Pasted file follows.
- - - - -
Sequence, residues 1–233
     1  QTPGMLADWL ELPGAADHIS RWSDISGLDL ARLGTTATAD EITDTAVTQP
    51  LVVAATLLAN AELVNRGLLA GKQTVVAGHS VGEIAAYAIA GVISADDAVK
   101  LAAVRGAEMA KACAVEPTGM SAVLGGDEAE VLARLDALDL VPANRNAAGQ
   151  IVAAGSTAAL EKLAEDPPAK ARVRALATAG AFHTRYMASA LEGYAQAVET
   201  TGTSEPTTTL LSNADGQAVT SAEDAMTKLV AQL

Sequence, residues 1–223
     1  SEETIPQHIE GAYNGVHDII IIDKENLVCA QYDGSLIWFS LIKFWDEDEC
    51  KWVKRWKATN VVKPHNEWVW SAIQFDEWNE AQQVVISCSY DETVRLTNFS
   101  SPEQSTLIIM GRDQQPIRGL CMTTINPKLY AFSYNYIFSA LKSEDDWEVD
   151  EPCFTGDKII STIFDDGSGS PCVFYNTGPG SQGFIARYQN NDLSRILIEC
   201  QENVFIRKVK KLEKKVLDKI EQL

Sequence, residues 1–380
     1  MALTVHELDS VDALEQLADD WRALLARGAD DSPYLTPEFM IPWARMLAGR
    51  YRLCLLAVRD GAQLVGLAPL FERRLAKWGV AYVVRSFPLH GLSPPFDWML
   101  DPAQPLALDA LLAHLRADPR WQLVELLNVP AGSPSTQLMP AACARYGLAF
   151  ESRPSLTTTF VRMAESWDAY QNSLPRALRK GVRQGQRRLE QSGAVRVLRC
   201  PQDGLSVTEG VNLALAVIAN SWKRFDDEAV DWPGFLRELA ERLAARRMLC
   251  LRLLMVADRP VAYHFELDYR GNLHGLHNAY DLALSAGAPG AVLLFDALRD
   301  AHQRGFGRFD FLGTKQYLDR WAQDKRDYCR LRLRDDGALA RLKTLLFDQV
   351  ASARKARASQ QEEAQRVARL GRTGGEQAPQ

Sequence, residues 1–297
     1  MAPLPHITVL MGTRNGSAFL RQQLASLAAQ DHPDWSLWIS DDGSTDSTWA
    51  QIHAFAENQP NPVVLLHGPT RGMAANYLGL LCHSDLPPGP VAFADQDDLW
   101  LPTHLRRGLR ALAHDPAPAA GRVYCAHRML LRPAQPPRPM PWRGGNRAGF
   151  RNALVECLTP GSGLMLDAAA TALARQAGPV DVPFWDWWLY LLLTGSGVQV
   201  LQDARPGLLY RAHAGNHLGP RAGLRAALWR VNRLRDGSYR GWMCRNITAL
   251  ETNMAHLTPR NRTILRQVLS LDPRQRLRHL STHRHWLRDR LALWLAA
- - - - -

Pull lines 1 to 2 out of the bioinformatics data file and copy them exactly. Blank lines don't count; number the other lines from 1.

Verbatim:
Sequence, residues 1–233
     1  QTPGMLADWL ELPGAADHIS RWSDISGLDL ARLGTTATAD EITDTAVTQP